TUESDAY, Dec. 11 (HealthDay News) -- A medication typically
prescribed to control high blood pressure that's commonly referred
to as a water pill may ease some of the symptoms of autism,
That's especially true for people who have milder forms of the
disorder, the new research indicates.
"Bumetanide is a promising novel therapeutic agent to treat autism," wrote the study's authors, who were quick to point out that this treatment is not a cure for autism and that larger trials need to be done to determine who would benefit most from this treatment.
Results of the study appear online Dec. 11 in the journal
Autism is a developmental disorder that results in communication
problems, social difficulties, repetitive behaviors and restricted
interests, according to background information in the study. The
exact cause of the disorder isn't yet known, though genetic and
environmental factors are believed to play a role.
Scientists have also studied neurotransmitters, suspecting that
these chemical messengers in the brain might not be working as they
should in people with autism. Gamma-aminobutyric acid (GABA) is one
such neurotransmitter, and the medication bumetanide appears to be
able to alter the function of GABA, at least in animals, according
to the researchers.
In this latest study, the researchers gave 60 children who had
been diagnosed with autism or Asperger's syndrome either 1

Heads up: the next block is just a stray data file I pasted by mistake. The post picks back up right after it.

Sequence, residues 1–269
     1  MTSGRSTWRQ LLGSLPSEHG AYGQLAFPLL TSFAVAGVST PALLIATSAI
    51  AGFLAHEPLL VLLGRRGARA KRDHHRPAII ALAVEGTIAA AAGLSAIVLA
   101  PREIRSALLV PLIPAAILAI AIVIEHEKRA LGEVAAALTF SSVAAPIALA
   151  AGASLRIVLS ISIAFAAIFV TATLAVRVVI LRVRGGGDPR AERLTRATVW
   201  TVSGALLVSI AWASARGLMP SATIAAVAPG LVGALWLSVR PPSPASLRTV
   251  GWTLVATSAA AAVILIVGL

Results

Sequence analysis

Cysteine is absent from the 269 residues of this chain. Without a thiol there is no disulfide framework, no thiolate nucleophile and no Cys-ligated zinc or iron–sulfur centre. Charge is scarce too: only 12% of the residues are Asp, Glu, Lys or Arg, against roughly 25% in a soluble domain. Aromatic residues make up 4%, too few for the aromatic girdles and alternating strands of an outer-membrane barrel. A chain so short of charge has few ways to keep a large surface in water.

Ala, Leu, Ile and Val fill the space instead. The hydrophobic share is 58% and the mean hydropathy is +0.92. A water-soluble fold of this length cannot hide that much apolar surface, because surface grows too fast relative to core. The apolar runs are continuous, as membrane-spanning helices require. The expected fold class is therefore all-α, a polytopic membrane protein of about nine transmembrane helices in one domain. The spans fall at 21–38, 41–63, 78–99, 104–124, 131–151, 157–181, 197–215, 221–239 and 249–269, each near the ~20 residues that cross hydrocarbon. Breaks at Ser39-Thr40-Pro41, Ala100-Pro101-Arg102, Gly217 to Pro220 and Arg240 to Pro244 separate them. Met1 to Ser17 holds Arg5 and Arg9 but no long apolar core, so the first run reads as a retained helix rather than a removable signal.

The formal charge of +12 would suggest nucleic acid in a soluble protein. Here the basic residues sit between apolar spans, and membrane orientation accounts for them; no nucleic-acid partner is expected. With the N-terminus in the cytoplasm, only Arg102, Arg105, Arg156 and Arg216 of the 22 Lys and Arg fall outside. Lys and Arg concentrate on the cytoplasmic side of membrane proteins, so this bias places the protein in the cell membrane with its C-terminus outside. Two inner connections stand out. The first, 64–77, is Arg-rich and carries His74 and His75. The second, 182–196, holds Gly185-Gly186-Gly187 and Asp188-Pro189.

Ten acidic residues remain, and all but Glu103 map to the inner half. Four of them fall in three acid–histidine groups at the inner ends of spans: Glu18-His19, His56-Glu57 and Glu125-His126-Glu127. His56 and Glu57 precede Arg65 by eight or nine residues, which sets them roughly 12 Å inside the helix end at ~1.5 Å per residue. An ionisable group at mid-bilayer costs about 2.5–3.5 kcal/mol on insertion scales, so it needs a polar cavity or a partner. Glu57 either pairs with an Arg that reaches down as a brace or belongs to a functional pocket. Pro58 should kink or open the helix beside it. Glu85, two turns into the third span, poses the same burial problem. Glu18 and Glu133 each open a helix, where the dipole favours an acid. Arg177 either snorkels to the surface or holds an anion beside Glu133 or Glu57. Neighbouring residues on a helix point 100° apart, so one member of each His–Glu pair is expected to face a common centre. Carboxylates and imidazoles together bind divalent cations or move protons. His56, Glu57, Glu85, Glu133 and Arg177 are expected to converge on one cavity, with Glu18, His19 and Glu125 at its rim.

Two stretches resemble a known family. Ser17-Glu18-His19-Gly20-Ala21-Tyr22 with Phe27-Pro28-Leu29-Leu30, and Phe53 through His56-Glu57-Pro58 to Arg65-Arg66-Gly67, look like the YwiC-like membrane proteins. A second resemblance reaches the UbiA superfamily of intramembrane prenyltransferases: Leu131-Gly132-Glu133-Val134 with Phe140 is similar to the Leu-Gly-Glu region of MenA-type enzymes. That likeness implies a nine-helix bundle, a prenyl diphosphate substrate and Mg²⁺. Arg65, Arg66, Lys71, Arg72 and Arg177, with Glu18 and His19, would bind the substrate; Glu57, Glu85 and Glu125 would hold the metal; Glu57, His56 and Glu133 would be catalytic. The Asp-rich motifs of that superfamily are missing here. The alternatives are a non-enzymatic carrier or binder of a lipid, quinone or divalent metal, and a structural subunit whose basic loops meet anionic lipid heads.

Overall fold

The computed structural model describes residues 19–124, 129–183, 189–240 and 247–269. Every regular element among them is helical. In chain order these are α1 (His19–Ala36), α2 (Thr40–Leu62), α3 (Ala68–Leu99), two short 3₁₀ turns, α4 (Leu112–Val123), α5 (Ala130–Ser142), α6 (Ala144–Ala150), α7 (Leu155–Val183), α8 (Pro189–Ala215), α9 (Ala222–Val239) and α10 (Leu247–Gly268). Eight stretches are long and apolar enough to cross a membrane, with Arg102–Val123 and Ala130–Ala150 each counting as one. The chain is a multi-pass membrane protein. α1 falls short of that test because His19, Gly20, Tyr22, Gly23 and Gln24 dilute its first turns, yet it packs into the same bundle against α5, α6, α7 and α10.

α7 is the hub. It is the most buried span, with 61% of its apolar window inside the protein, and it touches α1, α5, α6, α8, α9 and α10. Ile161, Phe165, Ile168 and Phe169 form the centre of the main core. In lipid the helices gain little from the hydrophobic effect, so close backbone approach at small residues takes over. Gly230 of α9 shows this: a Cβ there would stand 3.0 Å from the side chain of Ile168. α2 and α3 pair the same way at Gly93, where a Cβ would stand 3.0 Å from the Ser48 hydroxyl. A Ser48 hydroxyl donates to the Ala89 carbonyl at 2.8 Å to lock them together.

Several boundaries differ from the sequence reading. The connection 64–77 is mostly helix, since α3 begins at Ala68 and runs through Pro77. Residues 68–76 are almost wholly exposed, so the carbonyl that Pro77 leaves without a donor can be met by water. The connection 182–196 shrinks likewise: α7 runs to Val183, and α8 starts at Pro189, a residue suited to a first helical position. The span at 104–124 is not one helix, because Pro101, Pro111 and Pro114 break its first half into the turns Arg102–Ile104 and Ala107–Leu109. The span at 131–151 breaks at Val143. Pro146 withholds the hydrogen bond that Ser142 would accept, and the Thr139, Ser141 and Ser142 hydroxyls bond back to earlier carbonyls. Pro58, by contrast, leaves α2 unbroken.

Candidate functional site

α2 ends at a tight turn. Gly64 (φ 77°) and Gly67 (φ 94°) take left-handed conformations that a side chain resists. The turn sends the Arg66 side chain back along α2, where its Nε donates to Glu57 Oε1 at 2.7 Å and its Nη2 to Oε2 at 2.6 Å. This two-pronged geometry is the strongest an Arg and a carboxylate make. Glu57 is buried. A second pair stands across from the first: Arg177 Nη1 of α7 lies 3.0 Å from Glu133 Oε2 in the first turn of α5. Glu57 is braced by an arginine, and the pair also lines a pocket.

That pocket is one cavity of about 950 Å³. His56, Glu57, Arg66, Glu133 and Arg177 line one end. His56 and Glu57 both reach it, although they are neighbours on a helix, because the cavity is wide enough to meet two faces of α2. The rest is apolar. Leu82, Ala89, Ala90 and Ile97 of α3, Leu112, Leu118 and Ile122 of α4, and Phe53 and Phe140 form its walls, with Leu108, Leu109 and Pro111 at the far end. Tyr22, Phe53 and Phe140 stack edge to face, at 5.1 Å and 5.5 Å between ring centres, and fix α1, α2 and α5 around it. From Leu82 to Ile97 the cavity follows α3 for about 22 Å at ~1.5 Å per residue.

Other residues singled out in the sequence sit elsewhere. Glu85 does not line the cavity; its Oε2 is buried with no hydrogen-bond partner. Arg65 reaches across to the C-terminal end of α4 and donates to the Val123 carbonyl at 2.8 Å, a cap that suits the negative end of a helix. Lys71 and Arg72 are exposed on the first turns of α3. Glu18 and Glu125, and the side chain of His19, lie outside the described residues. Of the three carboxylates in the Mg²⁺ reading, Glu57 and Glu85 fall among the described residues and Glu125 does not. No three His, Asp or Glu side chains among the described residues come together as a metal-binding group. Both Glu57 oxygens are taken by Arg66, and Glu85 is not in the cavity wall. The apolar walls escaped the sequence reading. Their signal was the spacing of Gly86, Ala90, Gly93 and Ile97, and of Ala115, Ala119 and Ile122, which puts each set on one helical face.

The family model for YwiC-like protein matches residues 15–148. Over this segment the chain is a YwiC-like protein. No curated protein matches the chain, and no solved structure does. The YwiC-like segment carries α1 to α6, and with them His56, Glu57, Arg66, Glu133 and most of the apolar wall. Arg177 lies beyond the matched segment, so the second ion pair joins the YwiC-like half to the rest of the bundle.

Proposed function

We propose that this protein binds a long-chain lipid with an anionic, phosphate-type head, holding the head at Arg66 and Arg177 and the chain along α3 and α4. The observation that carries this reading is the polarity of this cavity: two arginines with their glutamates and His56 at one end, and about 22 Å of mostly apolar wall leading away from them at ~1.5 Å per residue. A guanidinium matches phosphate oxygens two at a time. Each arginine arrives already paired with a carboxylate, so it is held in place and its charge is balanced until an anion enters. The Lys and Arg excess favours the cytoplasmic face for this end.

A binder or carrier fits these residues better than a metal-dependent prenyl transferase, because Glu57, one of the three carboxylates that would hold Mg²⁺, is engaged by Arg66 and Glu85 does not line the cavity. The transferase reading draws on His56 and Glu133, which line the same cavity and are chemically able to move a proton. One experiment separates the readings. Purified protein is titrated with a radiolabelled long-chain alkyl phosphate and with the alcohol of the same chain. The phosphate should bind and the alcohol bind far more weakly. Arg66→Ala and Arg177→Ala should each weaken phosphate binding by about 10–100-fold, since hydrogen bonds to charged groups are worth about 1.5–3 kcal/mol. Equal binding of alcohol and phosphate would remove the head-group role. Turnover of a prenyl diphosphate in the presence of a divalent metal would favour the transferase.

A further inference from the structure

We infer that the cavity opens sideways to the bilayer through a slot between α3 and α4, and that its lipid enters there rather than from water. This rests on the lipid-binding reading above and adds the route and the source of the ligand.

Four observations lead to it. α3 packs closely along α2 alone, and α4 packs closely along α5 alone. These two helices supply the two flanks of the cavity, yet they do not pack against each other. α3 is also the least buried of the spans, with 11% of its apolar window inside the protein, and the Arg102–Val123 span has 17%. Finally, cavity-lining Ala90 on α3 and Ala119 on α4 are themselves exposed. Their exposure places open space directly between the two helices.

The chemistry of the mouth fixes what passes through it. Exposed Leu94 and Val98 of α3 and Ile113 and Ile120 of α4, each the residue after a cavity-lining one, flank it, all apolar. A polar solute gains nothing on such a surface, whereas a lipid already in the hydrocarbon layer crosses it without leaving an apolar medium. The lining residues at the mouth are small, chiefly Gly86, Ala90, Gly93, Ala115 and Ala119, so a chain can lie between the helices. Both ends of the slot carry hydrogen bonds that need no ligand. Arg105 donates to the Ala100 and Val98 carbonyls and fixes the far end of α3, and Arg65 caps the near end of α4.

milligram of bumetanide or an inactive placebo pill daily. All of
the children were between 3 and 11, and the study period lasted
The severity of autism was determined by videotaped evaluations
done on the first day of the study and the 90th day, by researchers
who didn't know which children had received active treatment and
which had been given a placebo pill.
Using several standardized autism assessment tools, the
researchers found that bumetanide improved autism symptoms. The
effects of the medication were more pronounced in children with
milder autism. In case reports included in the study, some of the
improvements seen included more eye contact, improved non-verbal
communication and better social communication.
Side effects were very mild, though the use of the drug does
require periodic monitoring for potassium levels; one child in the
study had low potassium levels.
Senior study author Yehezkel Ben-Ari, founder of the Institute
of Neurobiology of the Mediterranean Sea in Bohars, France, said
the authors believe that the improvement in symptoms is due to an
effect on GABA caused by the drug.
One expert said the findings look promising.
"This is a very interesting study. The authors have taken a medication that's been on the back shelf for decades and, surprisingly, found a clinically significant benefit when used in children with autism, especially those on the milder end of the spectrum," noted Dr. Andrew Adesman, chief of developmental and behavioral pediatrics at the Steven and Alexandra Cohen Children's Medical Center of New York in New Hyde Park, N.Y.
"Children would need to be on this medication indefinitely, because their improvements deteriorate when the medication is stopped. And, we don't yet know if there are any long-term concerns," he said. "Hopefully, this study will be a catalyst to new research. We need to see additional studies before we can recommend this treatment widely, but since it's already FDA-approved, we should know more in just a few years."
To learn more about
autism, visit the U.S. Department of Health and Human Services.
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